Over a three-year production period between 1976 and 1980 around 80 Overlanders were produced, despite the capacity to turn out many more. Ill health forced Haywood to close down operations for some time, but  production restarted in 1982, concentrating on Overlander station wagons. The last of these was built in 1989. During the 14 year production run the they produced 120 Overlander 4WDs.

This particularly example is for sale; the actual press car from 1978, has the 5-litre V8 attached to a Turbo 400 transmission and the Dana axles; yours for AUD $48,000 (approx. £32k). Only problem is that its in Australia...
You could drive it back; there not much that will stop it...
More Overlander history here.

For when normal 4WD is not enough; this completely mental snowmobile conversion. Great for the school run in December.

26 September 2011

New Class Meets New School

The year is 1965; The Rolling Stones tune Satisfaction is in the German pop charts (Ich Erhalten Keine Zufriedenheit just doesn't have the same ring to it y'know?), the birth control pill is introduced, and the German federal government lowers the wage tax. On the route between Augsburg and Munich, the first express train with a top speed of 120mph is introduced. At the same time, BMW unveil a sports cars in the guise of a saloon.

OK, the Alfa Romeo Giulia TI was introduced a little earlier, but for BMW, the Neu Klasse came of age when those wily Bavarians introduced the 1800 TI - for Touring International.
The TI, with 110bhp tickled from its 1.8-litre four-cylinder M10 engine, this unassuming saloon car became the terror of the motoring establishment. Only the more expensive Mercedes six-cylinder cars and a handful of track-ready Porsches were faster in real terms off the shelf. On the track, the TI quickly became rivals with the Alfa GTA and the Lotus Cortina. Hubert Hahne in the 1800 TI delivered spectacular duels in German tin-top racing; against Andrea de Adamich the Alfa and John Whitmore in the Lotus, racing masterpieces of the classic drift angle kind. A veritable wolf in sheep's clothing, Hahnemann gains a reputation for wringing the TI's neck around a circuit like there was no tomorrow.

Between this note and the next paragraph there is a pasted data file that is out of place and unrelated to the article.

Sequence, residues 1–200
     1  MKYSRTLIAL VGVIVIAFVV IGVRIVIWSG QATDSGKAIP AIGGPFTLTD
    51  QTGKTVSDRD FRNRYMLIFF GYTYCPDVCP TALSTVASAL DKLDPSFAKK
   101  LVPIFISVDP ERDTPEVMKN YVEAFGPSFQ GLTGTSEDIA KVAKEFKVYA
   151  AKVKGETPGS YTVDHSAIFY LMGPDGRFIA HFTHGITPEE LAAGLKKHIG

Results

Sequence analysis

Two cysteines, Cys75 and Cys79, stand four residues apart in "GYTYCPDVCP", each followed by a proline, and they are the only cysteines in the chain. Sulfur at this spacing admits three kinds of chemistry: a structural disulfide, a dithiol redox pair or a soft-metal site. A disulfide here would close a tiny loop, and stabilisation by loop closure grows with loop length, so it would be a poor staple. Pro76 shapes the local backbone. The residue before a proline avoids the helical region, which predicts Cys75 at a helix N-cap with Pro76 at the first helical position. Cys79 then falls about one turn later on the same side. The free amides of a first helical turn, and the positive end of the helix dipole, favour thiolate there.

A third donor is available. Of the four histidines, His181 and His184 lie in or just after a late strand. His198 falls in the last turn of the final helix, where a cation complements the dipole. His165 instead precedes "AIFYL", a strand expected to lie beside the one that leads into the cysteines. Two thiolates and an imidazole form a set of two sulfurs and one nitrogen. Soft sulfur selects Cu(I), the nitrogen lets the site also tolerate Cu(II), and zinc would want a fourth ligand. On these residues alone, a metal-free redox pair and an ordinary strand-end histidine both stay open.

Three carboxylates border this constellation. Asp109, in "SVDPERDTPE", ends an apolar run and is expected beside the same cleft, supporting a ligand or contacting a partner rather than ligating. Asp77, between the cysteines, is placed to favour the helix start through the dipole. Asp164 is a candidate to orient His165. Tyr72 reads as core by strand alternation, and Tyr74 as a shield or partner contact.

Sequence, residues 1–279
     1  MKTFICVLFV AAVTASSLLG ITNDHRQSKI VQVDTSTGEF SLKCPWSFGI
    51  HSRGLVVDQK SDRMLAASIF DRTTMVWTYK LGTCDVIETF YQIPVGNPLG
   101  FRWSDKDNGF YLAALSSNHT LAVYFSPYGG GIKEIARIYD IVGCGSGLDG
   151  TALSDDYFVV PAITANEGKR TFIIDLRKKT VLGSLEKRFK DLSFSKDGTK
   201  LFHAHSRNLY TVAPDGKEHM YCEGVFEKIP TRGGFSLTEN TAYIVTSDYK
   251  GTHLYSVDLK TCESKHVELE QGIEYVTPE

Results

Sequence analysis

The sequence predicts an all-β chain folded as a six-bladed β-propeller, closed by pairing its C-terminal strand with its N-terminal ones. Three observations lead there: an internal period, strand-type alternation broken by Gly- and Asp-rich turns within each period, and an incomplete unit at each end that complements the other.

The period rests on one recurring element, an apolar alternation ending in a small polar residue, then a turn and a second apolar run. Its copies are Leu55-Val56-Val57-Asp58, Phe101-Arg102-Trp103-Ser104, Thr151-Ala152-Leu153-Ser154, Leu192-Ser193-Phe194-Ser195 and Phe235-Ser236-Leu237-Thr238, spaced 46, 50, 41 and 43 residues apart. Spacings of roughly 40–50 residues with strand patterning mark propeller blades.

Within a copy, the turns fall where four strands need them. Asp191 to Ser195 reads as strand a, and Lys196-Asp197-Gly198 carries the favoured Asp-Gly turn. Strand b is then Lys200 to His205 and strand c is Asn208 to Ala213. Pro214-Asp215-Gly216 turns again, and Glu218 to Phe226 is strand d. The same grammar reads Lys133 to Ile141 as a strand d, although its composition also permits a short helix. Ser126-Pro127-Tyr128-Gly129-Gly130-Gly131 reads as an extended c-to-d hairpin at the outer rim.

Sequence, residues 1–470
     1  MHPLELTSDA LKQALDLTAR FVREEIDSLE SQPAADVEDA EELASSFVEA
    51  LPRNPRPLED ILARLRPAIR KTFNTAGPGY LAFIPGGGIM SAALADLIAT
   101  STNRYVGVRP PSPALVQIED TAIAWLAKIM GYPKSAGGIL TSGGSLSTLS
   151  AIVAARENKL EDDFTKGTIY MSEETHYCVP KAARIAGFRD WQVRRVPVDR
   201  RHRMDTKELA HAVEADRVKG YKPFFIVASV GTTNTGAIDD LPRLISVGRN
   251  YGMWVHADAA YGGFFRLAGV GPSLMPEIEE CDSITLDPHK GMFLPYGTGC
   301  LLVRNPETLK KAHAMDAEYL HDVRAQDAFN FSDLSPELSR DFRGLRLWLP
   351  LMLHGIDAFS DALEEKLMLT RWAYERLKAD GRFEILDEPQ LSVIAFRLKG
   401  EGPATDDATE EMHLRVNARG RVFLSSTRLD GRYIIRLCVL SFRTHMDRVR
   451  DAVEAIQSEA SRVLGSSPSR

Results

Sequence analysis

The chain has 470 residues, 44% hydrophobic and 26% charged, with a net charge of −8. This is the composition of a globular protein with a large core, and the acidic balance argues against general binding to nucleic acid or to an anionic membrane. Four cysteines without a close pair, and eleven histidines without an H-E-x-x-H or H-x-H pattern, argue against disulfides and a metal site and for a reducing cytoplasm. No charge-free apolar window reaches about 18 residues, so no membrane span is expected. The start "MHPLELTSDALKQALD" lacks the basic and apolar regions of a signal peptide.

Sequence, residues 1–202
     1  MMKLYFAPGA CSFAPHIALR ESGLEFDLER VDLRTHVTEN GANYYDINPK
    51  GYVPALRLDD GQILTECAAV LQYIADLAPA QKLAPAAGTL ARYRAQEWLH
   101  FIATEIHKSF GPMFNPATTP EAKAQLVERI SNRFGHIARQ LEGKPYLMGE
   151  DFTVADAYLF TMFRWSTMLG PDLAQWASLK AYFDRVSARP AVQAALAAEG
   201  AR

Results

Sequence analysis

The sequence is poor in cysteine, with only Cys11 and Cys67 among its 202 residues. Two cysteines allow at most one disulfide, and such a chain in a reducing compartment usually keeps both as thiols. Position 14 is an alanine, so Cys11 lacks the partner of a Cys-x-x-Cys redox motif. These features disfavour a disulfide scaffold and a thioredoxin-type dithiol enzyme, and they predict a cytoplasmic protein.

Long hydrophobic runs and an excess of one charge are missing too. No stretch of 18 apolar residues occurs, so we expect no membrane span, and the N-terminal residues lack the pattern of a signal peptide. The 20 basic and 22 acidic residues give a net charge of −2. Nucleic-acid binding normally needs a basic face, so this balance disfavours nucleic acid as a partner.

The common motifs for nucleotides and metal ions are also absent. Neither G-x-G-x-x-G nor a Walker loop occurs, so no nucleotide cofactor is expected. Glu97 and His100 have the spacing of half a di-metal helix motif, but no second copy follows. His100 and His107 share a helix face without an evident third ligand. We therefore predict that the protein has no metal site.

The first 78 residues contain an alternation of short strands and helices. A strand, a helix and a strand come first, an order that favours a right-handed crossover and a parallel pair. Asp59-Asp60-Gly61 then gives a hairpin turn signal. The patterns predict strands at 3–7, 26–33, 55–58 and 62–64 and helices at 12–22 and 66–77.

The next logical step was an even hotter version; BMW unsheath a sharper version of the TI. The TI / SA (Te-I-Es-A) officially, but everyone affectionately calls it Tisa. The letters SA (sports version) appear nowhere on the car, the TI / SA is the classic wolf in sheep's clothing. BMW used traditional engine medication: bigger capacity (2 litres), higher compression, larger Weber carburettors instead of the standard Solex units, a hot camshaft  coupled with a big valve head. Add to that, a close-ratio five-speed gearbox, wider wheels and thicker anti-roll bars - that surely is a 'sport' version. "Guaranteed Performance at 130 hp as standard exhaust system," promises the werks, the racing engines with the to-noisy-for-the-road sports exhaust from the list of accessories bumped power up to 160bhp.

Powerful enough for Hahne, during a support race for the German Grand Prix on 6 August 1966, to become the first man to lap the Nürburgring-Nordschleife circuit in under ten minutes in a touring car. Indeed, his lap time of 9.58 minutes caused a genuine sensation at the time.
The E90 M3 you see in the pictures, and indeed every BMW since, owes it's very existence to the New Class and the new beginning it gave the Bayerische Motoren Werke.

From here (hope your German is good) mostly, with my creaky German translation and some of my own words.